When I finished high school, I didn’t have any aspirations to go to college. After all, I had already been a professional dancer with the New York City Ballet for six months; I certainly hadn’t needed a degree to enter the workforce. I didn’t have to go to college—I was a ballerina!

 

Fast-forward a few years, when I came to the startling realization that my career as a performer would not last forever. After a serious foot injury forced me offstage for a year and a half, I began assessing my interests outside dance and was disconcerted to discover I had countless gaps to fill. I didn’t have any hobbies unrelated to physical activity. When forced to sit still, I didn’t know how to occupy my time.

 

Still, the years kept passing and I kept saying, “Someday.” Then my brother, NYCB principal Jonathan, enrolled at Fordham College at Lincoln Center to study business—and the little sister in me felt those pangs of sibling rivalry. I couldn’t let my big brother beat me at something!

 

What’s more, I knew that I’d be covered by the scholarship program available to dancers at NYCB. Bari Lipp is the founding director of a fund called Dance On, which helps cover college tuition costs. (There are many similar programs and grants out there for dancers at other companies to take advantage of.)

 

Now I’m taking classes at Fordham College’s campus in Westchester, NY, where I live with my husband. In contrast to the Lincoln Center campus, where many dancers take courses, in Westchester I don’t feel like just another dancer: I’m an adult pursuing a degree. My first course was European History, which I completed this spring; now I’m tackling a theology class.

 

Attending college has given me an entirely different focus, and my dancing has been affected in unexpected, gratifying ways. Ironically, shifting my focus away from ballet has allowed me to change and grow as a dancer. I’m no longer obsessing unhealthily about my technique and performances, but happily engaging my mind elsewhere.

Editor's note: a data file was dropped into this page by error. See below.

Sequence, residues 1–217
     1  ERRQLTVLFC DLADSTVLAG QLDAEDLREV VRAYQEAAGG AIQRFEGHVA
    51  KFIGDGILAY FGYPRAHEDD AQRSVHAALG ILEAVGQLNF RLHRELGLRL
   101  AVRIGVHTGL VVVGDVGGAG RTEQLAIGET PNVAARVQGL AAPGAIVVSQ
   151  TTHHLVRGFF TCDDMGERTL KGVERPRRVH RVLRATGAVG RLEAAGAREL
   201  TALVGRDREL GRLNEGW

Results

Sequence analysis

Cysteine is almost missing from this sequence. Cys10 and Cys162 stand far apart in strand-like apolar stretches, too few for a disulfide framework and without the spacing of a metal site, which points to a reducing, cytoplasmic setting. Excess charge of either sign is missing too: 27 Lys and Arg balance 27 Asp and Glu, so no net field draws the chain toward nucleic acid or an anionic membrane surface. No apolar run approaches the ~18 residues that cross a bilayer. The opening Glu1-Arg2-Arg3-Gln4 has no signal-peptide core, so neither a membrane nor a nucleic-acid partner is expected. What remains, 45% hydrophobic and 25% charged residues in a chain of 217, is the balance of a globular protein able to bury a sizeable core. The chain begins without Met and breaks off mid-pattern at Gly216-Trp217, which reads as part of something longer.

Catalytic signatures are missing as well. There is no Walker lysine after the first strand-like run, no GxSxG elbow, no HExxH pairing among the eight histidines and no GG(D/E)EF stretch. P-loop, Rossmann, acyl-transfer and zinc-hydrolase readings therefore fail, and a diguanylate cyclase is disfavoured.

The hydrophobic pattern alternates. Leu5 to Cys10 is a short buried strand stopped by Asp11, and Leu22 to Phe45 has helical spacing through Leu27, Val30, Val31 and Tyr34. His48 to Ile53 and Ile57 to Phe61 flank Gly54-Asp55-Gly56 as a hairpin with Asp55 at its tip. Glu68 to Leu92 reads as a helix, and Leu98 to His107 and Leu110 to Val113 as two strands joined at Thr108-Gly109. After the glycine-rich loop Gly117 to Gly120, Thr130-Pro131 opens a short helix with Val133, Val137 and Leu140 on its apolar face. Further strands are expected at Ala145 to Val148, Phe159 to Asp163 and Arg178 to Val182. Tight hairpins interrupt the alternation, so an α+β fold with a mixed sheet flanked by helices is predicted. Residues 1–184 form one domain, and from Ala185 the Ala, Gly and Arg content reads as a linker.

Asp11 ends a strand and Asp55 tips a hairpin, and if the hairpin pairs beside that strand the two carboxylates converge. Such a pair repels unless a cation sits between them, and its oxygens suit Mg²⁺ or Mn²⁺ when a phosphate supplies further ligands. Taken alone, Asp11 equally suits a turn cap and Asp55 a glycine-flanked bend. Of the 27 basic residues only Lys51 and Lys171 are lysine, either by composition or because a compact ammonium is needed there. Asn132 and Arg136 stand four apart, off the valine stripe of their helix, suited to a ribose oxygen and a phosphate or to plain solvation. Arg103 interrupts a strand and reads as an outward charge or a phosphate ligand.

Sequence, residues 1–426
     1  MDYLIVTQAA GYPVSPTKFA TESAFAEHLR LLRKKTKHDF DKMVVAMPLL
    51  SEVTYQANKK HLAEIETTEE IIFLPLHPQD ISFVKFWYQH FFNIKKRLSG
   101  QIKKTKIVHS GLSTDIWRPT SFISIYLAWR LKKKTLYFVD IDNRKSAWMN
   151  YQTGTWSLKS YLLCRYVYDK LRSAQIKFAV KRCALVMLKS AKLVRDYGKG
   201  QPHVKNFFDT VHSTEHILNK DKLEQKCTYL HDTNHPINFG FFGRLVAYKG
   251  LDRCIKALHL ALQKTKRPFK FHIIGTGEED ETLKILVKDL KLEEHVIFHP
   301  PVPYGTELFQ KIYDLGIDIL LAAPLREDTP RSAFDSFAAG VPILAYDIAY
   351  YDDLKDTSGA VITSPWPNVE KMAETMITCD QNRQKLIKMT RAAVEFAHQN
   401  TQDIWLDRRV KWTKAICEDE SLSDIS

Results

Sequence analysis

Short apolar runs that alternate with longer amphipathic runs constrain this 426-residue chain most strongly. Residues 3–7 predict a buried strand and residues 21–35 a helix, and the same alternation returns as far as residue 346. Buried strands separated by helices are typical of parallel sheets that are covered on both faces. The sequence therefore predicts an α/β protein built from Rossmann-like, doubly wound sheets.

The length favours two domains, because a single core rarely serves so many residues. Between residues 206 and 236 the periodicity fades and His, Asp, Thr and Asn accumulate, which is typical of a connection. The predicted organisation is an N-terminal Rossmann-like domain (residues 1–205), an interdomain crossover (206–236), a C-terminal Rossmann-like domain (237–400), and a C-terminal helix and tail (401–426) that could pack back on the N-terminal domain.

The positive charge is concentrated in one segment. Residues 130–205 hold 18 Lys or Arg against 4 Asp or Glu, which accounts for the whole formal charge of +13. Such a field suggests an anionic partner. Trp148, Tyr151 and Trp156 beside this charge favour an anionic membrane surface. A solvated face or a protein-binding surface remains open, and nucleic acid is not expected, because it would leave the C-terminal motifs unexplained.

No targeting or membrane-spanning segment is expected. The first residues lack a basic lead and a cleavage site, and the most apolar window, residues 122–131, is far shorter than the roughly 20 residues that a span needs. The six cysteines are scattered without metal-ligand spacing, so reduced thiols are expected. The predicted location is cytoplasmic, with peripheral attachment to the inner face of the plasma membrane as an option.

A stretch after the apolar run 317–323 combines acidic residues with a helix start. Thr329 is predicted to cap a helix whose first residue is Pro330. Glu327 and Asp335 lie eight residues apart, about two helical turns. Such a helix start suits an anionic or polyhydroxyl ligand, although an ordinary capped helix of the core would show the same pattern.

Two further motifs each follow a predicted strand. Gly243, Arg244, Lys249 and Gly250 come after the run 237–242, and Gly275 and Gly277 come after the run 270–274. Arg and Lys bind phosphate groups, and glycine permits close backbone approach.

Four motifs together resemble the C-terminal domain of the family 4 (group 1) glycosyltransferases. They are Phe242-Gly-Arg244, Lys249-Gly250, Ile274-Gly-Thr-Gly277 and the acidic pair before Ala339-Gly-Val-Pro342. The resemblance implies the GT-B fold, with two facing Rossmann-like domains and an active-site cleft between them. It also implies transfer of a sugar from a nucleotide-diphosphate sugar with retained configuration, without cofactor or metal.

Finding the nerve to try new things academically has helped my confidence onstage, too. I want to be more than just a ballet dancer; I want to be a mature artist and person, and I know that to do that I need to step outside my comfort zone. The unfamiliar challenges of college have given me the courage to take more risks in ballet. After discovering that I could succeed academically, I was able to believe that my instincts and choices as a dancer might also be valuable. I’m experimenting with my ideas in the classroom—and with my artistry in front of thousands of people.

 

On the flip side, it’s sometimes difficult giving up my downtime to attend classes. I want to complete my studies in the classroom, where I feel I learn better than I would online—but that requires sacrificing my day off. Now Mondays are spent scrambling to finish up projects or papers. It’s a different kind of work, too. Grasping spiritual theories in Faith and Critical Reason, my theology course, is a far cry from learning ballets.

 

But I know it’s worth it. I’m now eager to learn about many different fields of study to find what fits me best. Writing, law and real estate all pique my interest. Whatever I ultimately choose, I know that my college experience has changed me as a dancer and a person. Anxiety about my future has turned into excitement: I know my life after my performance career can be shaped any way I want.

Summer Intensive Survival
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There's a sweet spot toward the end of August—after summer intensives have wrapped up and before it's time to head back to school or work—where the days are long, lazy and begging to be spent neck-deep in a pile of good books. Whether you're looking for inspiration for the upcoming season or trying to brush up on your dance history, you can never go wrong with an excellent book on ballet. We've gathered eight titles (all available at common booksellers like Amazon and Barnes and Noble) guaranteed to give you a deeper understanding of the art form, to add to your end-of-summer reading list.

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On a sunny July weekend, hundreds of Seattle-area dance fans converged on tiny Vashon Island, a bucolic enclave in Puget Sound about 20 miles from the city. They made the ferry trek to attend the debut performance of the fledgling Seattle Dance Collective.

SDC is not a run-of-the-mill contemporary dance company; it's the brainchild of two of Pacific Northwest Ballet's most respected principal dancers: James Yoichi Moore and Noelani Pantastico. The duo wanted to create a nimble organization to feature dancers and choreographers they felt needed more exposure in the Pacific Northwest.

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